Zzyzx's blog

By Zzyzx, 11 years ago, In English

I just recently came across the GregorianCalendar class in Java. http://docs.oracle.com/javase/7/docs/api/java/util/GregorianCalendar.html

I tried to see if it works well by using it for this practice problem -> http://mirror.codeforces.com/contest/304/problem/B

After writing the code, I tested the two given sample cases on my computer and it gives the right output. Nice! Ctrl+A -> Ctrl+C -> Ctrl+V -> Submit! But to my utter dismay, "Wrong Answer on pretest 1". I am dumbfounded and have no idea why this is happening.

Here are my (almost identical) submissions: http://mirror.codeforces.com/contest/304/submission/4106624 -> WA on pretest 1 (Why!?) http://mirror.codeforces.com/contest/304/submission/4106538 -> WA on pretest 2 (Why!?) http://mirror.codeforces.com/contest/304/submission/4107237 -> Accepted (How is this different!?)

Can anybody explain why this is so?

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11 years ago, # |
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You initialized GregorianCalendar with default locale and time zone, but Codeforces uses time zone with 23- or 25-hour days at some dates due to daylight savings. Because of that, your difference in milliseconds sometimes gets minus one hour becoming minus one after integer divisions.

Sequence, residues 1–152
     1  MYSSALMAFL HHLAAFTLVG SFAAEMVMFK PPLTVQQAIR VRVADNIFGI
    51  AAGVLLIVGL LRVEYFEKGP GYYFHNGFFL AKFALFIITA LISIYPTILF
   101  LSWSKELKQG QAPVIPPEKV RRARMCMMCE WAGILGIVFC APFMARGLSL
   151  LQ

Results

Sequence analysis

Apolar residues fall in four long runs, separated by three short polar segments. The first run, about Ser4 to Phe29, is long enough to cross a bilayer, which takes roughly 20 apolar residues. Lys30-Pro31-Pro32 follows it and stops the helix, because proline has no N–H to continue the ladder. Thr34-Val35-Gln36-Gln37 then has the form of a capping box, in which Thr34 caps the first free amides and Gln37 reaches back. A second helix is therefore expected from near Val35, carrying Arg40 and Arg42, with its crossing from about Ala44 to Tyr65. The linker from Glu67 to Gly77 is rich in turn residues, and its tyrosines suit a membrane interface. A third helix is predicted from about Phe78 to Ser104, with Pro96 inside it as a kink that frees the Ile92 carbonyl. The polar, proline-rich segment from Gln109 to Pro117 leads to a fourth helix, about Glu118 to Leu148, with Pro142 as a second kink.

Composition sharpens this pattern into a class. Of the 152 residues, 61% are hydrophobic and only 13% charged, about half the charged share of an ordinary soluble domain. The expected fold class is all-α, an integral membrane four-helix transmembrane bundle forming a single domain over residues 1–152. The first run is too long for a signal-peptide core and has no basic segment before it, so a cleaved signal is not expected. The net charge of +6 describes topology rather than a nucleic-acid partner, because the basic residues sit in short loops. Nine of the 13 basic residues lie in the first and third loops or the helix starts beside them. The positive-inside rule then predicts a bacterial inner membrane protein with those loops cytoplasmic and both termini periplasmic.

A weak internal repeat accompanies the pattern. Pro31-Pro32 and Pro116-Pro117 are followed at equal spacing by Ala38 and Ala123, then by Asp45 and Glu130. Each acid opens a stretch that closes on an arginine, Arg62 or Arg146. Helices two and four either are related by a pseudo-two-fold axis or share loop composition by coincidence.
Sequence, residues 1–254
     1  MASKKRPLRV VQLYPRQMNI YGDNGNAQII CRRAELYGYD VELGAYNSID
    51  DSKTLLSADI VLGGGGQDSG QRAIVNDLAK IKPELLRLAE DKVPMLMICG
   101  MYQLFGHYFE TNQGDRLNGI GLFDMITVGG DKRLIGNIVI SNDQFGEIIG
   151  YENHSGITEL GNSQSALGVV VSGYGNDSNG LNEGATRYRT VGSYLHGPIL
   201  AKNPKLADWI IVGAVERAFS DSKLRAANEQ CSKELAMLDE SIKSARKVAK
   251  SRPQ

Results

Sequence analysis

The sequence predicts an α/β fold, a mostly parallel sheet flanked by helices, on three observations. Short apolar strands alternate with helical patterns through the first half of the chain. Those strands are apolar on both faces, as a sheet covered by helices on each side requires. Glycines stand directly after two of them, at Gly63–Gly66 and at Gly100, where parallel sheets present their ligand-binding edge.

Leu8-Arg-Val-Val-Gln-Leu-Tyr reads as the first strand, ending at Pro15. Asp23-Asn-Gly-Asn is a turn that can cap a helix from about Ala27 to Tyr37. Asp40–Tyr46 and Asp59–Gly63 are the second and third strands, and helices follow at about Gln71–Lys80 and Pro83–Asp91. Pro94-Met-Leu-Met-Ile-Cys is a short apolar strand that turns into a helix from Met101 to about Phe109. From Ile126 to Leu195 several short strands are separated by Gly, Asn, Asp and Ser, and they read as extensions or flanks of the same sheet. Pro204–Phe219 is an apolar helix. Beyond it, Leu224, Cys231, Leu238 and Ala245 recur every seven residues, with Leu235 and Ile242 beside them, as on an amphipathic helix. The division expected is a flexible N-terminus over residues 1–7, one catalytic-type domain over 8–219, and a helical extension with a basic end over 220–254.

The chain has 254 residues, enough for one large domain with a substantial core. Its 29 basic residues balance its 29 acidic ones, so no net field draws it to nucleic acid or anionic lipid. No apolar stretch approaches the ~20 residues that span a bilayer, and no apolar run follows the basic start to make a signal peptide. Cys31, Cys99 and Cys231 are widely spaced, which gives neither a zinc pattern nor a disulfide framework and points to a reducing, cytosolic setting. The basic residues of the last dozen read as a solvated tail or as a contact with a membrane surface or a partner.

Your accepted solution, in contrast to others, uses rounding, thus unintentionally leading to correct answer. As for your first submission, it uses default constructor, which initializes GregorianCalendar with current date and time. When you set year, month and day, GregorianCalendar tries to adjust time of the day in some complicated way according to time zone, resulting in one more hour lost between 1900:01:01 and 2038:12:31. This doesn't happen in your second submission, because it doesn't use default constructor.

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    11 years ago, # ^ |
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    So the safest option for the above mentioned kind of questions would be to just write our own functions to calculate the difference in time, is it?